The so-called Merry Christmas Bill in Texas awaiting Governor Rick Perry’s signature has riled atheist and progressive activists across the country. Defend Christmas.com has received notice that Texas will be the scene of challenges to the new law and possible protests are planned in front of public schools over the new law during the Christmas season.
The prevailing criticism of the new new law is that “the law is likely going to become much more permissive of lawmakers who wish the government to broadcast their religious beliefs to others” — as stated by ThinkProgress.org.
Aron Ra, Texas director of American Atheists, said of State Representative Dwayne Bohac, who authored the bill:
“He wants teachers to randomly be able to proselytize their religious beliefs by being able to put up religious displays in their classrooms, unrestricted, without any fear of litigation. But what happens when it’s not a Christian that’s doing it? What happens when it’s a pagan trying to do solstice or Saturnalia? They’re using the same damn tree and they can cite where it came from.”
This is an interesting perspective because in the history of the War on Christmas in public schools rarely is a teacher’s name invoked as a participant in controversy. It usually comes from a parent or a student claiming an exception or some degree of discrimination one way or the other.
In a blog post recently Ra argued: “It has no secular legislative purpose. It will not only advance the already dominant religion in this country, but will also invariably inhibit less-popular faiths, and it will certainly result in “excessive government entanglement” with religion. It’s not like Muslim teachers will be welcome promoting Ramadan in the classroom. Wiccan teachers will only attract criticism by celebrating Yule or Saturnalia with all the traditional symbols which were originally pagan — including the manger scene (thank you, Horus), and which were later appropriated by Christianity. In other words, it was never a Christmas tree to begin with, and there is no defensible reason to back this bill.”
According to Raw Story.com, Russell Glasser, television host of an Austin, Texas based public access channel agrees with Ra:
The â€œMerry Christmas Bill,â€ he said, â€œsounds like the usual â€˜War on Christmasâ€™ nonsense. As far as I can tell, nobody has ever actually stopped saying â€˜Merry Christmasâ€™ because theyâ€™re afraid to get sued,â€ he continued. â€œDoes anybody sue anyone for saying â€˜Merry Christmas?â€™ Because I think thatâ€™s a bunch of bullshit.â€
Here at DefendChristmas.com the emails we have received indicate a broad awareness of the Merry Christmas Bill by the atheist community and agreement on their part that most atheists view the bill as an advancement of Christianity in public schools, a direct violation of the Constitution.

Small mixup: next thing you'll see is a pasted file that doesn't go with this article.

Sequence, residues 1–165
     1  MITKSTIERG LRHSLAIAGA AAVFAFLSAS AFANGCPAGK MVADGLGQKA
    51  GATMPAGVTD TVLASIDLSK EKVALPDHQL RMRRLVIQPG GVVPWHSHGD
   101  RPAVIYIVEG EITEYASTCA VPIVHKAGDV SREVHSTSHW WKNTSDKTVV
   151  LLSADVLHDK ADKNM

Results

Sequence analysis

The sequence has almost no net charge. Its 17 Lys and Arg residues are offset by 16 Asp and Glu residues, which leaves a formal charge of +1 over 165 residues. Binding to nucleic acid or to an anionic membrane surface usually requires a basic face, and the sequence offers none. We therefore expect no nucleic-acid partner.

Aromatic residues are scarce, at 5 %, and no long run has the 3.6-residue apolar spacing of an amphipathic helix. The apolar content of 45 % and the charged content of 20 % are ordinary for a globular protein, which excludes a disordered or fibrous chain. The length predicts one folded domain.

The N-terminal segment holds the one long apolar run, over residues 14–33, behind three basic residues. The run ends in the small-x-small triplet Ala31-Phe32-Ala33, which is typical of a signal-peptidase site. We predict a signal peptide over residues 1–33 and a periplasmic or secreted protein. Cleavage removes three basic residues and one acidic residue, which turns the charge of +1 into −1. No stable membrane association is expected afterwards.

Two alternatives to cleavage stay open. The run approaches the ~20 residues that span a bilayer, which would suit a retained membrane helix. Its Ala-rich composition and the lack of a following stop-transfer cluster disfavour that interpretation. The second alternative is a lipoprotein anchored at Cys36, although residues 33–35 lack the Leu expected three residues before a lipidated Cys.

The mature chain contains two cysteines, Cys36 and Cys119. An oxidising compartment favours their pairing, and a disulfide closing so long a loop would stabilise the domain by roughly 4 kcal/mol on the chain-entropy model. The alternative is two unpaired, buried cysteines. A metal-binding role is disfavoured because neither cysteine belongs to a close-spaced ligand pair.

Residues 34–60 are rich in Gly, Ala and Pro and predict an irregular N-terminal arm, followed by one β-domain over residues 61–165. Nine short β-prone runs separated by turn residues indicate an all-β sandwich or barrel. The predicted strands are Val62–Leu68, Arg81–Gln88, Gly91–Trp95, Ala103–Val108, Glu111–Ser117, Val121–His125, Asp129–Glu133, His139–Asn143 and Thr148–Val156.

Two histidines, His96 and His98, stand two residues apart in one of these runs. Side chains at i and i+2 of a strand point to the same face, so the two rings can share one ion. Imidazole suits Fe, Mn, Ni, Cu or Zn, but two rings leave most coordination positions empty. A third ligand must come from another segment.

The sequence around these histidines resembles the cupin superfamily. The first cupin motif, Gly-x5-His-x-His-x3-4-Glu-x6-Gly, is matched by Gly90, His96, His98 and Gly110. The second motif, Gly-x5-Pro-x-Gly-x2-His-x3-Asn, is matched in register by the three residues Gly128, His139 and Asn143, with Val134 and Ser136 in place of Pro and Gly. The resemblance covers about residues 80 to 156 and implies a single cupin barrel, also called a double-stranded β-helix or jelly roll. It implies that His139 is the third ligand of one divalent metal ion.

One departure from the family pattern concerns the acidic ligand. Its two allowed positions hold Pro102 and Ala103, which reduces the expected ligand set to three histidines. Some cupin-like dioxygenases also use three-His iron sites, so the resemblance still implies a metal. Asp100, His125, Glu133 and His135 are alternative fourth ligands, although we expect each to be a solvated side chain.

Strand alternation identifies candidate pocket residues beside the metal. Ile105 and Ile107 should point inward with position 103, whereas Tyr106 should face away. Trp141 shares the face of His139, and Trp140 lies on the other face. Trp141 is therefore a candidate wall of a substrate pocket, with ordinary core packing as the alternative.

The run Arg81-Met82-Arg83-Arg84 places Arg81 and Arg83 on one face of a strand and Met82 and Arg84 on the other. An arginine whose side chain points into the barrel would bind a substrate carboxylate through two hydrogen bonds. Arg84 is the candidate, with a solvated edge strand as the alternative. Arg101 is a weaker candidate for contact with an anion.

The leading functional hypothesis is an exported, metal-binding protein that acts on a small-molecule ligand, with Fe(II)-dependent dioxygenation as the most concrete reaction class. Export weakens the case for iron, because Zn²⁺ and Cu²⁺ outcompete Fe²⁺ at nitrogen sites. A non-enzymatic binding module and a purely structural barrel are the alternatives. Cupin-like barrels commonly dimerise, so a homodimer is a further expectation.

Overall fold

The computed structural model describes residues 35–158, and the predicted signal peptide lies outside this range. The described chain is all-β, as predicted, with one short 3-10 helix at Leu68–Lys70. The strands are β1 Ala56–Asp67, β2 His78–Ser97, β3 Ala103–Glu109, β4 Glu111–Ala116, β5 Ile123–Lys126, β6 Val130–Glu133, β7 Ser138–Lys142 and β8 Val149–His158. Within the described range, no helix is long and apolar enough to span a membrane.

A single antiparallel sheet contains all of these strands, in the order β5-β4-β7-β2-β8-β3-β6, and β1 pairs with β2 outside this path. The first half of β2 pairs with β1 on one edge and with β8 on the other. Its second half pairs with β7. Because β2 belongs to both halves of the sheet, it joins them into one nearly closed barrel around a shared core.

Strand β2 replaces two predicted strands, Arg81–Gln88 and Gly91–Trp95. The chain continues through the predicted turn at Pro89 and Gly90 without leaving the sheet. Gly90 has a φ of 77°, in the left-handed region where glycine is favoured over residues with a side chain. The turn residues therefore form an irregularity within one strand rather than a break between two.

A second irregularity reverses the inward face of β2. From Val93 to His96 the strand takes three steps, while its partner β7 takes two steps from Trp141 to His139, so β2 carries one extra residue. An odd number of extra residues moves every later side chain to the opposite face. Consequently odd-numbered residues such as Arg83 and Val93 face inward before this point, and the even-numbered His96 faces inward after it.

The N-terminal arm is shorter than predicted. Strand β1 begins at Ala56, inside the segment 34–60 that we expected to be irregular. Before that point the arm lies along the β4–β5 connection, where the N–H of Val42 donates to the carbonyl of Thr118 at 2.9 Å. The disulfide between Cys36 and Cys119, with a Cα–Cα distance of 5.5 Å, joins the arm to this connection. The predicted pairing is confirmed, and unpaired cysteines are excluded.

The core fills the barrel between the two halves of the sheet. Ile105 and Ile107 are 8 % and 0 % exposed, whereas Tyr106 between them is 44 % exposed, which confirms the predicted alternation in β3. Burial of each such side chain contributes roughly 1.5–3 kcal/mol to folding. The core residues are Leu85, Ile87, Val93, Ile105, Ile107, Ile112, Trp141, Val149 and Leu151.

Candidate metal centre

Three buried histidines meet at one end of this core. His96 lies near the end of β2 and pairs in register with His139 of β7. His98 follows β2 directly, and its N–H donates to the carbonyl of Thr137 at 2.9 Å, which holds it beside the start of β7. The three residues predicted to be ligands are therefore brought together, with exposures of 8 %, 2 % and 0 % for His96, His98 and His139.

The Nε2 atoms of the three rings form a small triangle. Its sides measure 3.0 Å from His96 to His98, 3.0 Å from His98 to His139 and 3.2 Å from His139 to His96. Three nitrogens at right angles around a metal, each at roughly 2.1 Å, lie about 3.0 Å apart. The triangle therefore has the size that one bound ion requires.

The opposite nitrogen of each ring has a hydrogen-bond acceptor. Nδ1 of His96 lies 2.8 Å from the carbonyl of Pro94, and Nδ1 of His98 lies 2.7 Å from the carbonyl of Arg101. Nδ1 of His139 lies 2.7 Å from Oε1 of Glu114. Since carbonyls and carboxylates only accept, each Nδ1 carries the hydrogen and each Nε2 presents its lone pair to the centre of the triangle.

In our view it is likely that court challenges to this new law could surface and delay its implementation. Those in favor of the bill claim it is an attempt to solidify protection against frivolous lawsuits while those opposed to the bill say it opens the door to advancing Christianity in public schools.
School districts not only in Texas but across the country have been modifying their holiday policies specifically to reduce the threatened lawsuits they receive.
Most are under such budgetary constraints any way that they just don’t want to “go there” and they cave on the issue, effectively allowing organizations such as the Freedom from Religion Foundation to “win” by default. The common result in the schools is an environment where Christmas trees are called “holiday” trees and the word “Christmas” is removed from any celebrations around the traditional holiday season in December. Everything from school plays, to music performed, to art work displayed all is carefully regulated to avoid the appearance of acknowledging Christmas in any way.
In most arguments we are seeing from atheists especially on this bill we note their frequent reference to Christmas history. While we generally advocate minimal representation of Christmas in public schools it isn’t because the secular Christmas should not be observed there or that the history of Christmas should be avoided — it is because, like most atheists we talk to, the schools get the history of Christmas wrong.
Likewise it is a matter of course that religions of all stripes are touched upon by school curriculum in the study of history, society and cultures. This cannot and should not be avoided entirely.
We predict that while the authors of the Texas legislation may have intended to reduce the number of lawsuits brought upon school districts and public institutions by the observance of Christmas they may have instead achieved just the opposite. Only time will tell if Texas will become the center stage in the next battles of the War on Christmas.